I can forgive her use of the Nigerian Pidgin English expressions “carry second” [place second] and “born” [gave birth]—and her misuse of the word “nationality” when talking about Nigerians who actually all share the same nationality. After all, her husband, who claims to have a Ph.D. in zoology, recently said at a political rally that we are“diverse in terms of different human species.” If a putative Ph.D. in zoology (the branch of biology that studies animals, including humans) doesn’t know enough to know that all humans belong to the same species, why should we expect a less educated, grammatically challenged “Dame” to know that all Nigerians belong to the same nationality?

But, seriously, the stupefying ignorance of Nigeria’s First Family provokes many troubling queries. If the president and his wife, who should be our role models, can’t even obey the most basic rules of our national language (which, by the way, they, like all of us who went to school, learned from elementary school to university) why do we express phony outrage in the national media every year when we are confronted with data of mass failure in English in school certificate exams?

We expect our kids to pass “O” level English in high school, and we collectively wail hypocritically when mass failure is recorded in school certificate exams. We also, as an official policy, expect our kids to pass “O” level English as a precondition to even read Nigerian languages in our universities. But we lower the standards—and expectations— when we assess the performance of our political and public leaders. Suddenly, we remember that English isn’t native to us. What galling double standard!

I recently had an argument with a passionate defender of the Dame’s habitually unenviable grammatical and speech aberrations. My interlocutor advanced the sadly familiar infantile argument that the First Lady’s foibles should be excused because English isn’t our native language. But a single question I posed to her shut her up. I asked her if she would honestly want her daughters to imitate the Dame’s speech mannerisms and indefensible grammatical imperfections. She was quiet. When I pressed her further, she shamefacedly said “no.”

But a First Lady is supposed to be a role model for young girls. So I wondered aloud: if you don’t want your girls to grow up to be like “Dame” Patience Jonathan, why should you defend her consistently embarrassing slips? You got it: hypocrisy!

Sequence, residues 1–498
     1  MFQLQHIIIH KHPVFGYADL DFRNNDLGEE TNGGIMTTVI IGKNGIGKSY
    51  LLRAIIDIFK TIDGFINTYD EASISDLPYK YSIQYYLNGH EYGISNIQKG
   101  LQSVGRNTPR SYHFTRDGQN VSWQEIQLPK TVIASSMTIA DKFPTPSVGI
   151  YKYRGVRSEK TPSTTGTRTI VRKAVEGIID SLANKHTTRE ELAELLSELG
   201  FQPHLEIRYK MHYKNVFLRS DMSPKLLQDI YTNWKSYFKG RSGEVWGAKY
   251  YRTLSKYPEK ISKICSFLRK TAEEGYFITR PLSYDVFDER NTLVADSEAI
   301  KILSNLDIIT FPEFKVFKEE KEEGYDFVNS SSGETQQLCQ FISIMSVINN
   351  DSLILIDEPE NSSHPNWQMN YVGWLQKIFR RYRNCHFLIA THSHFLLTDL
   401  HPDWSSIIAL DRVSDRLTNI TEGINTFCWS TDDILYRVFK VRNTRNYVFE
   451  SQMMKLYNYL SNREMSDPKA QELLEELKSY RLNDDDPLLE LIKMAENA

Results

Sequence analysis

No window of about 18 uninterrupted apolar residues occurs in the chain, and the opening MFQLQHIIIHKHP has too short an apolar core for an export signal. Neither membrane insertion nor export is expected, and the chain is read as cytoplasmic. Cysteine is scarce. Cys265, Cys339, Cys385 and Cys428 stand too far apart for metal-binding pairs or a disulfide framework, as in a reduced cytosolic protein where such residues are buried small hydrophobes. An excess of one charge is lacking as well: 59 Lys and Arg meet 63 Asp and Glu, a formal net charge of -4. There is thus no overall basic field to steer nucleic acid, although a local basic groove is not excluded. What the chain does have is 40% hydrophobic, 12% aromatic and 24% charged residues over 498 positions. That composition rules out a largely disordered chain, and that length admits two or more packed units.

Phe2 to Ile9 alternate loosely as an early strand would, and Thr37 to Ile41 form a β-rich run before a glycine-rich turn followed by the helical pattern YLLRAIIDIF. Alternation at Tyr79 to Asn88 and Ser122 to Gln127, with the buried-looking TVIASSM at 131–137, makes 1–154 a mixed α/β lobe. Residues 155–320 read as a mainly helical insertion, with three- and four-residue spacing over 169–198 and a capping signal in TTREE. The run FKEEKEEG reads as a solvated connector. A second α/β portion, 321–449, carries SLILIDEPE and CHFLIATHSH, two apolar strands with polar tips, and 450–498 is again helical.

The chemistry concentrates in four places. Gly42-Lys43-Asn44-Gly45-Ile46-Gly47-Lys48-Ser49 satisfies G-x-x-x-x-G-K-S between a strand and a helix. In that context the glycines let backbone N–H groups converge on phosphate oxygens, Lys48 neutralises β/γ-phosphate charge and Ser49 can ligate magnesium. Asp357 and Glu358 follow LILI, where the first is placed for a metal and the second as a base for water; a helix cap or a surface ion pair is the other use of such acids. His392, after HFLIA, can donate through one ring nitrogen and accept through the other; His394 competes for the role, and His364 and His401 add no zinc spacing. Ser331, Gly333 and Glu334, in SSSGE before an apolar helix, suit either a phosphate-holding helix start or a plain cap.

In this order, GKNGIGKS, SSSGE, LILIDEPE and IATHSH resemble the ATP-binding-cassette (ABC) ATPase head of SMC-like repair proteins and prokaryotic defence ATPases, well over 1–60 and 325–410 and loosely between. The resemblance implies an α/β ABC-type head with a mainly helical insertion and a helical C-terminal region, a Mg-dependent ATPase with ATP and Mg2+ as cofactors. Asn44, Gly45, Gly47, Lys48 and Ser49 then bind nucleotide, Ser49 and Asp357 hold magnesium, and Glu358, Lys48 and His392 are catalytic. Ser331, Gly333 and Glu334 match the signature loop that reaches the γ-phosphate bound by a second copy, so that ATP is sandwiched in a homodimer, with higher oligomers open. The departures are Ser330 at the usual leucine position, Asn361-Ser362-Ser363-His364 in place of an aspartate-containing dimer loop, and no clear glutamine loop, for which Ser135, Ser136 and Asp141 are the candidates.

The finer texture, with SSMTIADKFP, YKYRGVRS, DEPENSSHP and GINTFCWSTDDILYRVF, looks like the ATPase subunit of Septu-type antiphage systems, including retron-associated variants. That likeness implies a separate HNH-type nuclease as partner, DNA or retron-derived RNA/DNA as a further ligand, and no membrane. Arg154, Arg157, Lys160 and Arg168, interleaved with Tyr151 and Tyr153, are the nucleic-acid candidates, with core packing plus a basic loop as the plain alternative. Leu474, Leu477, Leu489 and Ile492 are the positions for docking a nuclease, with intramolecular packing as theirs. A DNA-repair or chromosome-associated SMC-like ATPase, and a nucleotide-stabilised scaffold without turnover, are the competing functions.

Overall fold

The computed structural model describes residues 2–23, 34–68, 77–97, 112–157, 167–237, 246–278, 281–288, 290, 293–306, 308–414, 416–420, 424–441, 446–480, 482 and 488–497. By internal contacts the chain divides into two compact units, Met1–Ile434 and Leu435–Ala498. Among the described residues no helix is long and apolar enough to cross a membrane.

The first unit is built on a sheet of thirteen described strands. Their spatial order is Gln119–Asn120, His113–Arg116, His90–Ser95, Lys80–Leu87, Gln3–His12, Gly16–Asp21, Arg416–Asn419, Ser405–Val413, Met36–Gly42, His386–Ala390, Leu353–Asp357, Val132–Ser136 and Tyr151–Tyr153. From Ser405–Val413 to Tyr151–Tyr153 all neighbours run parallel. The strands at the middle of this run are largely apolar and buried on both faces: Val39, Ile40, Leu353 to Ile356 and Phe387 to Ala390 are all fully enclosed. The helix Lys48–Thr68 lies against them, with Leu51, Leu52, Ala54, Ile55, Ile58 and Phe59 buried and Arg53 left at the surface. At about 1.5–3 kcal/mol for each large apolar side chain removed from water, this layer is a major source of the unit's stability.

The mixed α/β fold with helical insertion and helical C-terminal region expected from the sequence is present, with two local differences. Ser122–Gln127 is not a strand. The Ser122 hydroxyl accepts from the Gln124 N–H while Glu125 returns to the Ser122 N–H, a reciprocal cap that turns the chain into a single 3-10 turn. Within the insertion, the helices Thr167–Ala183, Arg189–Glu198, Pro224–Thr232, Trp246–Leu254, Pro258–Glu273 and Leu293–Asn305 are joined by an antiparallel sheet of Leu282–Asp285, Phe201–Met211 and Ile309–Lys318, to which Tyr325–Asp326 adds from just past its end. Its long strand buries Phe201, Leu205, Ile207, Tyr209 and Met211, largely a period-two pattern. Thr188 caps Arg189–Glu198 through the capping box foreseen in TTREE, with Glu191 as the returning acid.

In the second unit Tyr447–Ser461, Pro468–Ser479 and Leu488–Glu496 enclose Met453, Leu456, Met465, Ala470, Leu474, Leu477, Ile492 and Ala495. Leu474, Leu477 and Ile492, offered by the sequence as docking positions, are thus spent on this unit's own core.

The excuse that English isn’t our native language and therefore shouldn’t be the basis for judging the public address of public figures is just downright silly and duplicitous, especially for a woman whose first name is an English word (is there no word for “Patience”—and, for that matter, “Good Luck”!— in Ikwerre or Ijaw?), who bears the English title “Dame” even though she has never been conferred that title by the Queen of England (whose language she has formed a habit of murdering), and whose people’s “traditional” sartorial symbol is a colonial felt hat handed down to them by English colonialists!

(For the record, I have no problems with the Niger Delta’s symbolic fedora; I only have a problem with people who ignore its obvious colonial origins but rail at people who insist on a basic proficiency with the English language, another hold-over of our colonial encounter with England).

The First Lady has three options. One option is to speak to us in Ikwerre (which I am told is her native language) and get an English interpreter. The second option is to address her audiences in Nigerian Pidgin English, which she speaks quite proficiently and which most Nigerians understand. The third, and perhaps best, option is for her to remain silent. She doesn’t have to speak in public. A popular aphorism says, “It’s better to remain silent and be thought a fool than to speak out and remove all doubt.”

About Terry Biodum

128 Comments